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ICS/SCADA Cyber Security

ICS/SCADA Cyber Security

SCADA security is the practice of protecting supervisory control and data acquisition (SCADA) networks, a common framework of control systems used in industrial operations. These networks are responsible for providing automated control and remote human management of essential commodities and services such as water, natural gas, electricity and transportation to millions of people. They can also be used to improve the efficiencies and quality in other less essential (but some would say very important!) real-world processes such as snowmaking for ski resorts and beer brewing. SCADA is one of the most common types of industrial control systems (ICS).

These networks, just like any other network, are under threat from cyber-attacks that could bring down any part of the nation's critical infrastructure quickly and with dire consequences if the right security is not in place. Capital expenditure is another key concern; SCADA systems can cost an organization from tens of thousands to millions of dollars. For these reasons, it is essential that organizations implement robust SCADA security measures to protect their infrastructure and the millions of people that would be affected by the disruption caused by an external attack or internal error.

SCADA security has evolved dramatically in recent years. Before computers, the only way to monitor a SCADA network was to deploy several people to each station to report back on the state of each system. In busier stations, technicians were stationed permanently to manually operate the network and communicate over telephone wires.

It wasn't until the introduction of the local area network (LAN) and improvements in system miniaturization that we started to see advances in SCADA development such as the distributed SCADA network. Next came networked systems that were able to communicate over a wide area network (WAN) and connect many more components together.

From local companies to federal governments, every business or organization that works with SCADA systems are vulnerable to SCADA security threats. These threats can have wide-reaching effects on both the economy and the community. Specific threats to SCADA networks include the following:

Hackers. Individuals or groups with malicious intent could bring a SCADA network to its knees. By gaining access to key SCADA components, hackers could unleash chaos on an organization that can range from a disruption in services to cyber warfare.

Malware. Malware, including viruses, spyware and ransomware can pose a risk to SCADA systems. While malware may not be able to specifically target the network itself, it can still pose a threat to the key infrastructure that helps to manage the SCADA network. This includes mobile SCADA applications that are used to monitor and manage SCADA systems.

Terrorists. Where hackers are usually motivated by sordid gain, terrorists are driven by the desire to cause as much mayhem and damage as possible.

Employees. Insider threats can be just as damaging as external threats. From human error to a disgruntled employee or contractor, it is essential that SCADA security addresses these risks.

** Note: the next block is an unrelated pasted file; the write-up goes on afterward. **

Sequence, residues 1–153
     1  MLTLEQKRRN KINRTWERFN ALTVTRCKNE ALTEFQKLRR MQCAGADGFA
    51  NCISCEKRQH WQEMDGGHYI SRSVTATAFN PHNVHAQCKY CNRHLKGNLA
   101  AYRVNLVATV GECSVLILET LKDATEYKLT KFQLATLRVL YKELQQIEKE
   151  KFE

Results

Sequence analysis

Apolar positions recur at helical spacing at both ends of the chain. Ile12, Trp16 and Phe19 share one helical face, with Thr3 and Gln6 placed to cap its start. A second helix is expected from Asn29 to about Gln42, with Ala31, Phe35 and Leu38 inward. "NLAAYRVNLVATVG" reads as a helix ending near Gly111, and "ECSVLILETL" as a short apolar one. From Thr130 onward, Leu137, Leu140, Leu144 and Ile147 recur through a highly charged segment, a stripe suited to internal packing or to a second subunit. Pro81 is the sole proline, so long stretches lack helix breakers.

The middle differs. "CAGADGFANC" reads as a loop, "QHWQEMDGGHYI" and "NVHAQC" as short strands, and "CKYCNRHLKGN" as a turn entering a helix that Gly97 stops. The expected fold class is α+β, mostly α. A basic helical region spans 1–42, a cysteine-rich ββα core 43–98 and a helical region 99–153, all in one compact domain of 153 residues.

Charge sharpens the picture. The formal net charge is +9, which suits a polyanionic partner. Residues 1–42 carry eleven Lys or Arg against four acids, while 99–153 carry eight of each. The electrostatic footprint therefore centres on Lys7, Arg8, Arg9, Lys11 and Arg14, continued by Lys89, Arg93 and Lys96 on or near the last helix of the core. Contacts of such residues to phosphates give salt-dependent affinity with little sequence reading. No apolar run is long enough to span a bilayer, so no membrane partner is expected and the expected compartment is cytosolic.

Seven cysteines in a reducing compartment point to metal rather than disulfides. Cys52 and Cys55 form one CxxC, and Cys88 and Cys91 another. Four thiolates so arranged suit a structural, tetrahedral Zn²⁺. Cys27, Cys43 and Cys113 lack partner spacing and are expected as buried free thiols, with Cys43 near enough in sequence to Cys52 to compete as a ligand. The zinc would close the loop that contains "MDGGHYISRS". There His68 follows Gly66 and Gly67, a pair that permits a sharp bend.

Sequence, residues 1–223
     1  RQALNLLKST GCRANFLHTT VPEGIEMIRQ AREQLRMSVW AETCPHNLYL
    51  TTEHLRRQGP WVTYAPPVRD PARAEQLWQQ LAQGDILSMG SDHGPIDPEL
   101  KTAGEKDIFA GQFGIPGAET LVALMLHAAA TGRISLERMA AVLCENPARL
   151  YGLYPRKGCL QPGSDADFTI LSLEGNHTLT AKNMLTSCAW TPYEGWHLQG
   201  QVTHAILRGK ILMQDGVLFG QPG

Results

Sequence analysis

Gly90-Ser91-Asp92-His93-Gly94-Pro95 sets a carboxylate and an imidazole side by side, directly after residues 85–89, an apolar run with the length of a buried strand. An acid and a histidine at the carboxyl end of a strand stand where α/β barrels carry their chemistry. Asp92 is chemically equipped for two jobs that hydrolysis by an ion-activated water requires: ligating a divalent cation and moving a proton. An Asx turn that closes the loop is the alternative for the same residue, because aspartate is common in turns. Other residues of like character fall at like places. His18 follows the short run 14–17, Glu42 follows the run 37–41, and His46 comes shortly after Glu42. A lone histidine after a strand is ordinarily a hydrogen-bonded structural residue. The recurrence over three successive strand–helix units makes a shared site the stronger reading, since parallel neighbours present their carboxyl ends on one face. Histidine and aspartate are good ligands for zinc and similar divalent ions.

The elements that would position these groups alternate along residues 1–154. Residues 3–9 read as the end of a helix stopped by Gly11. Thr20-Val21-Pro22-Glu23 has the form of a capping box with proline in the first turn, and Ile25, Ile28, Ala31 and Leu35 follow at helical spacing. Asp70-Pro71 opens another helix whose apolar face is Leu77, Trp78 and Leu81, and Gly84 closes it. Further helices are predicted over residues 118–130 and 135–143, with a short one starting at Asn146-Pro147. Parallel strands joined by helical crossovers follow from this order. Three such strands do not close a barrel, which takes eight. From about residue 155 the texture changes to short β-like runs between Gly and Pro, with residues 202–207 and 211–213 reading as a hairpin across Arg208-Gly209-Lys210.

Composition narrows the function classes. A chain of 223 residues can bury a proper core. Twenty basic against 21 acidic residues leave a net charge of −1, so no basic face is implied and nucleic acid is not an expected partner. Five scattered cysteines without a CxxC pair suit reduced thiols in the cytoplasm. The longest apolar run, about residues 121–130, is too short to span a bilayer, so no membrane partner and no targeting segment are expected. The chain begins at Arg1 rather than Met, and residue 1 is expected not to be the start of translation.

Managing today's SCADA networks can be a challenge without the right security precautions in place. Many networks are still without the necessary detection and monitoring systems and this leaves them vulnerable to attack. Because SCADA network attacks exploit both cyber and physical vulnerabilities, it is critical to align cybersecurity measures accordingly.

Compare of products in the category ICS/SCADA Cyber Security

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Compare: ICS/SCADA Cyber Security

Characteristics

Abnormal Behavior Detection

Traffic Analysis

Security Orchestration

Passive Monitoring

Automated Asset Discovery

Flow Discovery

PLCs and RTUs Discovery

Network Topology Mapping

Inventory of Devices

View Filters

Forensic Investigations Support

Rogue Device Detection

Zero-Day Threats Detection

Detecting Threats with Context

Changes Monitoring

Vulnerability Assessment Report

ICS Threat Intelligence

Deep-Packet Inspection (DPI)

Zero Impact

Continuous Monitoring

Network Segmentation

Port Mirroring

Multi-site Deployment

Agentless Deployment

Mitigation of Security Events

Data Historian Alerts

Event Log

PLC Setting Modification

Backup and Recovery

Configuration Updates

Perimeter Controls

Integrations

Supported Systems

N/A
Yes
Yes (Purdue Model)
Yes (Purdue Model)
Yes
N/A
Yes
Yes
N/A
Yes
Yes
Yes (Purdue Model)
N/A
  • N/A
  • SIEM
  • SOC
  • Cyberbit EDR
  • SIEM
  • Firewall
  • CMDB
  • IDS/IPS
  • SIEM
  • SOC
  • SIEM
  • CMDB
  • Firewall
  • CMDB
  • SIEM
  • SOC
  • CMDB
  • SIEM
  • N/A
  • IT/OT
  • SOC
  • SIEM
  • N/A
  • IT/OT
  • N/A
  • HMI
  • PLC
  • N/A
  • DCS
  • PLC
  • RTU
  • DCS
  • PLC
  • N/A
  • N/A
  • DCS
  • PAC
  • PLC
  • RTU
  • N/A
  • N/A
  • HMI
  • PLC
  • N/A
  • N/A
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Suppliers ICS/SCADA Cyber Security

Aegify Inc.

Aegify Inc.

Aegify was created to protect clients’ profitability, assets and employees. Company's mission is to... Read more